Electronics Safety Lesson: How to Stay Safe with Line Voltage
Whenever you build an electronics project that uses line voltage, you must take extra precautions to ensure your safety and the safety of anyone who may come in contact with your project. Line voltage is potentially deadly, so these precautions are absolutely mandatory.
Many people are under the mistaken belief that line voltage is not sufficient to cause serious injury or death. That simply isn't true; 120 VAC is more than enough voltage to kill, given the right conditions. In fact, you should treat any voltage above 50 V as potentially lethal.
When you work with line voltage, be sure to take the following precautions:
Never work on the circuit when the power plug is plugged in.
Never leave exposed line-voltage connections anywhere that you or anyone who comes into contact with your project might accidentally touch. All line-voltage connections must be completely insulated or contained within an insulated project box or a grounded metal project box.
Always enclose projects that use line voltage in a sealed project box so that stray hands can’t accidentally come in contact with bare wires or other components.
Always use grounded power cords if your project is contained in a metal box, and always connect the metal box itself to the power cord’s ground lead.
Always use the correct gauge of wire for the amount of current your circuit will be carrying.
Always ensure that all line-voltage connections are tight and secure. If you’re using stranded wire instead of solid wire, always check for stray strands at your connections.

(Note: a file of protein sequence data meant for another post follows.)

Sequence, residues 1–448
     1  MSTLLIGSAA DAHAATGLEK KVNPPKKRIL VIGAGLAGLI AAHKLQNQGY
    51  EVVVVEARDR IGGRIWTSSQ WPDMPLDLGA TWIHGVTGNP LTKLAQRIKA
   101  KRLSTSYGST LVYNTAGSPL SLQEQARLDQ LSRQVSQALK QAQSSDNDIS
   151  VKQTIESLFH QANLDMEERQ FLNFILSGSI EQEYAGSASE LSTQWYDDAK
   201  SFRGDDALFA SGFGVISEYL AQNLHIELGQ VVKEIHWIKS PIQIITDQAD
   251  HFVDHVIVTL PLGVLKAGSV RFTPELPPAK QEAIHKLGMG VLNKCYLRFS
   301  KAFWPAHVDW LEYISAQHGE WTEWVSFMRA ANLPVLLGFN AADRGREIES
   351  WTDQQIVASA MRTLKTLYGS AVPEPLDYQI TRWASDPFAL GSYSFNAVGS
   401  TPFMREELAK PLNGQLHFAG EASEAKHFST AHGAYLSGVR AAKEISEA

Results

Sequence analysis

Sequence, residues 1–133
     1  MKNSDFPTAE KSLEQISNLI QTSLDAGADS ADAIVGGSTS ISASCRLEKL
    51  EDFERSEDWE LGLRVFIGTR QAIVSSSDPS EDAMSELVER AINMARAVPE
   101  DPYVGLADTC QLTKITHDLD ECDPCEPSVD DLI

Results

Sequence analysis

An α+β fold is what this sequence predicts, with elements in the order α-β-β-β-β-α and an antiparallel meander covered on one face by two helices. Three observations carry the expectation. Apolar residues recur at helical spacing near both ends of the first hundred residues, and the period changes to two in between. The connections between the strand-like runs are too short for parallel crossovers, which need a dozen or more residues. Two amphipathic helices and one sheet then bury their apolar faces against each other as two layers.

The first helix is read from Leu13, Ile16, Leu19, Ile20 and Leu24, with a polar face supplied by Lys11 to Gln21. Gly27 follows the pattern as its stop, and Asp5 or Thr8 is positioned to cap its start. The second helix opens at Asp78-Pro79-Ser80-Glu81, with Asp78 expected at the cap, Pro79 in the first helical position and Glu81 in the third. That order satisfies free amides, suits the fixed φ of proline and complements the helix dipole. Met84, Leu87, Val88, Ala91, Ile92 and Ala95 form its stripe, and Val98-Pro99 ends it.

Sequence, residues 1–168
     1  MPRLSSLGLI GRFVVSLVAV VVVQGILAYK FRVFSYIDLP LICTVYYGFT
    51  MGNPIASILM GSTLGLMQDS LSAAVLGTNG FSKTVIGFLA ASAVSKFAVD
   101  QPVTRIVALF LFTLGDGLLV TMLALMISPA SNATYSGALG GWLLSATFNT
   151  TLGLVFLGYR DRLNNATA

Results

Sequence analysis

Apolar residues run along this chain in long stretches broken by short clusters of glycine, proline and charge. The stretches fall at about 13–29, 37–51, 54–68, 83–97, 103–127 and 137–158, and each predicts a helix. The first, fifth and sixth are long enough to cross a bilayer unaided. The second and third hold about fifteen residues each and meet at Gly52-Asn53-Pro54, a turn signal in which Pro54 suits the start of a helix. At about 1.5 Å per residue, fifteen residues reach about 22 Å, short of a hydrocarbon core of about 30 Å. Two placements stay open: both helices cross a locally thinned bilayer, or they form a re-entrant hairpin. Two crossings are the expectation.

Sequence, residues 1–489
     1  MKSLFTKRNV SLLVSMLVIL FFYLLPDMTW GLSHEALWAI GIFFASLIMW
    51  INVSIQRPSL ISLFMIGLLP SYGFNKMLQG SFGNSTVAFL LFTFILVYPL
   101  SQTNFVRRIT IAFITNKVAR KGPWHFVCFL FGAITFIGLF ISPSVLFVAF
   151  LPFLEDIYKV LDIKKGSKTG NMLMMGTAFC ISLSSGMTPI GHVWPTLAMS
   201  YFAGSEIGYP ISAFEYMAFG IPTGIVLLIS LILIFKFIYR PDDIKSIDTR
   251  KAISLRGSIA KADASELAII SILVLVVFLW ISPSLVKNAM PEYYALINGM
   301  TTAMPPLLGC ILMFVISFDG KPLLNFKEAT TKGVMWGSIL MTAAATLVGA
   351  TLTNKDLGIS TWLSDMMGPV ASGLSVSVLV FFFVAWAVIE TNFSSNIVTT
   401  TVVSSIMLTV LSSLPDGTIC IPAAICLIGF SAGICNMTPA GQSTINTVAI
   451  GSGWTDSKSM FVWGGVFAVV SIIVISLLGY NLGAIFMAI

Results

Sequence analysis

Always provide some form of strain-relief for wires that carry line voltage. The most common way to do this is to pass the wire through a grommet-protected hole in the project box and tie the wire into a knot inside the box. The knot will prevent the cord from sliding through the hole in the case and possibly pulling loose.
Always incorporate a fuse in the primary side of your line-voltage circuit. The fuse will automatically detect when too much current is flowing and immediately break the circuit.
Never use a fuse that's rated for more than the maximum current your circuit is designed to bear. For example, if you’re using a relay that can switch 5 A of current, use a fuse rated for 5 A or less.
Never arrange the wiring for your project in a way that causes wires to move or rub against one another. The rubbing will eventually wear off the insulation and create a shock hazard.
Always be aware of heat sinks that may be hot.
Never use a three-prong to two-prong adapter to plug a three-prong power connector into a two-prong extension cord. This disables the safety provided by proper grounding and can result in a potentially fatal electric shock if a short circuit occurs.